Also this year, Pro Bowl officials will be instructed to use a different standard for false start penalties on receivers who are flexed from the line of scrimmage. It will not be a false start if a receiver flinches or lifts one foot off the ground, provided he re-sets for one second and/or keeps one foot on the ground.



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NFL Rookie Rankings – Nick Bosa beats out four offensive first-year stars for the top spot

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The 2019 rookie class had a lot of intrigue, and with the NFL’s regular season well behind us, we ranked the best of the best in the year’s group.

We asked six writers and analysts — Matt Bowen, Mike Clay, Jeff Legwold, Cam Mellor, Kevin Seifert and Field Yates — to rank the top 10 rookies throughout the season, then tabulated the results using Heisman-type scaling for each set. The product features nine players taken in the first 51 picks last April, and although it didn’t contribute to his ranking — this is regular season only — the top seed served as a defensive force in helping power his team to the Super Bowl.

We also looked at two first-year players who closed the season well and saw their stock rise and two more whose stock declined in the final month. But first, here is our final ranking of the top 10 rookies of the 2019 regular season, starting with that Super Bowl-bound pass-rusher.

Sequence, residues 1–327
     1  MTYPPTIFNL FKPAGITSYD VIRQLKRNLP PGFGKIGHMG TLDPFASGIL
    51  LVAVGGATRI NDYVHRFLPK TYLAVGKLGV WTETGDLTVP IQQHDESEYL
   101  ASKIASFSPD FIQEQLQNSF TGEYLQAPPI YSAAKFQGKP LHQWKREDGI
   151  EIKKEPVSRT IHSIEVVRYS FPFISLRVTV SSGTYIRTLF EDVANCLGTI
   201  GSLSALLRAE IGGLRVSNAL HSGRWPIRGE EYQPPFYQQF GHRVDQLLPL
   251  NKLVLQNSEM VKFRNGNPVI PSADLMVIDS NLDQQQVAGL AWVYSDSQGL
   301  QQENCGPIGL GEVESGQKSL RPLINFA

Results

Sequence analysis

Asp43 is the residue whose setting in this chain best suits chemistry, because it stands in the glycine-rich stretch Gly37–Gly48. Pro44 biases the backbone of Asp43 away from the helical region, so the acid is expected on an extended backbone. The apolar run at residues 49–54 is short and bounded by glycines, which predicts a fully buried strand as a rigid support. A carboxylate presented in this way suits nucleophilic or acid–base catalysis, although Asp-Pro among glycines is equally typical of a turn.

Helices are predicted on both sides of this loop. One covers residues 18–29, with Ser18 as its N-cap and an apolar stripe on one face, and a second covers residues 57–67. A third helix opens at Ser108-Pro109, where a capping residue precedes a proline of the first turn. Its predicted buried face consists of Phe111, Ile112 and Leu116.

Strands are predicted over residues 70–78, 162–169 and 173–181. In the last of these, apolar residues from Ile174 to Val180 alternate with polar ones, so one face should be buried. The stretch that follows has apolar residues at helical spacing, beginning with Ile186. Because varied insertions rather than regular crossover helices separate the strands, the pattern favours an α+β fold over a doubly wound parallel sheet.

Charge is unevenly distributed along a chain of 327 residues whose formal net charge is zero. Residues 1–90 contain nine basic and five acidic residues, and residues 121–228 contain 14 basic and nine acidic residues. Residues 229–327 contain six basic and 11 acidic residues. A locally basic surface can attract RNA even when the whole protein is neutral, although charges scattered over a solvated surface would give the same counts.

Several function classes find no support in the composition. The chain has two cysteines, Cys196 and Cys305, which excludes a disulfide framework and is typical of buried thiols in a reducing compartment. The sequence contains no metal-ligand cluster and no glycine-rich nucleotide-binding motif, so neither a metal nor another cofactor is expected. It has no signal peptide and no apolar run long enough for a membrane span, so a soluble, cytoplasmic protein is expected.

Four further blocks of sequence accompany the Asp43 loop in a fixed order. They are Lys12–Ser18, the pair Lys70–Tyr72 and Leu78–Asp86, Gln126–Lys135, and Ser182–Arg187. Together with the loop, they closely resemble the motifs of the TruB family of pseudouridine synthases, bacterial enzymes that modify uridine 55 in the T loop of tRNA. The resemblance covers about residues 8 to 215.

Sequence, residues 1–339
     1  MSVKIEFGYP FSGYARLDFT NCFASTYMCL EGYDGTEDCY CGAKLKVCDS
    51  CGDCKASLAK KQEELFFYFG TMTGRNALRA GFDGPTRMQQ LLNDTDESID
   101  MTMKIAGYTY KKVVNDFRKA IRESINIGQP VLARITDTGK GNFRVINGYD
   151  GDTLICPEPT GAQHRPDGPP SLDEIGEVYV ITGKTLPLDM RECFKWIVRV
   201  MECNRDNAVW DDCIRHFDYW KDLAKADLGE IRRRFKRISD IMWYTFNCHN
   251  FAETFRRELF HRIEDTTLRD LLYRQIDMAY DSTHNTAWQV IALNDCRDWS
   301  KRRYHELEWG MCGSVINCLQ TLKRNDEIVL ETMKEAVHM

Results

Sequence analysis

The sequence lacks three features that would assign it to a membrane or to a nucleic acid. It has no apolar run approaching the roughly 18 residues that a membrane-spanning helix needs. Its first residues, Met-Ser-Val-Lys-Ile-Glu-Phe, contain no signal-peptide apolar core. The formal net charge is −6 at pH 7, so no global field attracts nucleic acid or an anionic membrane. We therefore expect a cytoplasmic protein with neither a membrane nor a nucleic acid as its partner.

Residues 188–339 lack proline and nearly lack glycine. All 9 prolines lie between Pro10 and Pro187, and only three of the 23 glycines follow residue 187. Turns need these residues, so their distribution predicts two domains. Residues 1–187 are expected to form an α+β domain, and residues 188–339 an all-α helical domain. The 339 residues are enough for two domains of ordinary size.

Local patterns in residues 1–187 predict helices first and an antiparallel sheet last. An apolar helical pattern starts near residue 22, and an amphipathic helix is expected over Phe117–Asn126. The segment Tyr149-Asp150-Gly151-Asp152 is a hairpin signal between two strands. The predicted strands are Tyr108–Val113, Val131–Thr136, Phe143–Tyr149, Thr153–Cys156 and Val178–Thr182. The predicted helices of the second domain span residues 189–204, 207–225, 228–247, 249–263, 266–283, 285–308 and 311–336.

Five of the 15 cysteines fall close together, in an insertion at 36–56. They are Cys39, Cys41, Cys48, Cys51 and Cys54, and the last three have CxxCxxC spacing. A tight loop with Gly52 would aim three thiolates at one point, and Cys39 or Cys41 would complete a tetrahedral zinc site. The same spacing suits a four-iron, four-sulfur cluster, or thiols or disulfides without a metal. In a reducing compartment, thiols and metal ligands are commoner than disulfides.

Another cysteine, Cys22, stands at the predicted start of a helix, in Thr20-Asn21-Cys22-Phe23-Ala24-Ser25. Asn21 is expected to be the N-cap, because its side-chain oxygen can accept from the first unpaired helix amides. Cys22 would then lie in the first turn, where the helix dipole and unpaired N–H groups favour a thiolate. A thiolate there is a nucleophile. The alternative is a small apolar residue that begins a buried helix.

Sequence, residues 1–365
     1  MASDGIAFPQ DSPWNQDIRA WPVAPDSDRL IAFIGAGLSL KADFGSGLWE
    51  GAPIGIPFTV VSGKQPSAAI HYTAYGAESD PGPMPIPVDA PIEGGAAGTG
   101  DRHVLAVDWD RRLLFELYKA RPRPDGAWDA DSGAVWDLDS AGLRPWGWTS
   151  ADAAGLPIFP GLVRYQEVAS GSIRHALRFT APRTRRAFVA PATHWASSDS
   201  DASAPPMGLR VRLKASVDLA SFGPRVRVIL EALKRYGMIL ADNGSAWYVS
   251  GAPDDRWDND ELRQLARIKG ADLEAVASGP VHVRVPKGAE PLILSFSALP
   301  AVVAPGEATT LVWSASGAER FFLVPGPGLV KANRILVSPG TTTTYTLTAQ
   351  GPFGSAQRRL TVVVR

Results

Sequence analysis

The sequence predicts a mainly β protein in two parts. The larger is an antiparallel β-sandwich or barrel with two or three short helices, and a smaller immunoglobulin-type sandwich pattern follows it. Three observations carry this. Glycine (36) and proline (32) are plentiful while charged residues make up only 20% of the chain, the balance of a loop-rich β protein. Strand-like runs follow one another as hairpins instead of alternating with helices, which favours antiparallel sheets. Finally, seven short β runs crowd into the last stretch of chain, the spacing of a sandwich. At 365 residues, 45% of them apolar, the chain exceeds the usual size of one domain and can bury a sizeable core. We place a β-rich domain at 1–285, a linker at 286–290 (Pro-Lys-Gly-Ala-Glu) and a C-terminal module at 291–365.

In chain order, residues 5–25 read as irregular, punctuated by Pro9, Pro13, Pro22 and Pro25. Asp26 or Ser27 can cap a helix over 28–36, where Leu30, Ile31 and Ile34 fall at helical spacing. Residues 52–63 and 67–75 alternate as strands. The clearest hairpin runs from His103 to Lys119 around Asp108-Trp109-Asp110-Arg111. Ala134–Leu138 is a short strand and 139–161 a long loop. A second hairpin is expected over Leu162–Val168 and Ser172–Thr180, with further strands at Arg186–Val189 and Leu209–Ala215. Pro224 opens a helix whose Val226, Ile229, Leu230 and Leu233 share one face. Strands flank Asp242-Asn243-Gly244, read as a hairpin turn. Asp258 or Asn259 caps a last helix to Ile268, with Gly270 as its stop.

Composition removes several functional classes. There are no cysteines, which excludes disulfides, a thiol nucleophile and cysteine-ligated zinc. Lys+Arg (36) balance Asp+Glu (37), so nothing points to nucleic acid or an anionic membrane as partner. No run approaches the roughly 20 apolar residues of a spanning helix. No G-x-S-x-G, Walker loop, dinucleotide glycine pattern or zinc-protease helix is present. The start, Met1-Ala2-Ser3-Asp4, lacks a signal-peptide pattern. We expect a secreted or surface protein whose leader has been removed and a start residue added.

Stats: 47 tackles, 9.0 sacks, 1 interception, 1 forced fumble
Drafted: No. 2 overall
Previous rank: 1

Bosa was second in sacks and No. 1 in quarterback hits for the top pass defense in the league during the regular season. He was an especially fierce presence in the pass rush down the stretch, with nine QB hits over the last four games. Football fans will get another look at the top rookie in the Super Bowl, when his Niners face the Chiefs.


Stats: 242 carries, 1,150 rushing yards, 7 rushing touchdowns
Drafted: No. 24 overall
Previous rank: 2

Jacobs missed the last three games of the season with a shoulder injury and a skin infection. But he still finished eighth in the league in rushing overall and led all rookies in yards on the ground, consistently breaking tackles and providing yards after contact.


Stats: 3,722 passing yards, 544 rushing yards, 24 total touchdowns, 12 interceptions
Drafted: No. 1 overall
Previous rank: 3

He threw four of his 12 interceptions on the season in back-to-back games in Weeks 13 and 14, but the body of work over the course of the season at the most difficult position for a rookie puts him at No. 3. Murray and Cam Newton are the only rookie quarterbacks in league history to have passed for at least 3,500 yards and rushed for at least 500.

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Cardinals WR Larry Fitzgerald gives high praise to QB Kyler Murray on his rookie season.

Stats: 52 receptions, 1,051 receiving yards, 8 touchdowns
Drafted: No. 51 overall
Previous rank: NR

In the 11 games that Ryan Tannehill started at quarterback for the Titans, Brown had four 100-yard games, caught six of his eight touchdowns and averaged at least 15 yards per catch seven times. And he topped 20 yards per catch four times in that stretch. Some in the league believe Brown was actually the NFL’s best rookie by the time Week 17 rolled around.


Stats: 58 receptions, 919 receiving yards, 7 touchdowns
Drafted: No. 76 overall
Previous rank: 6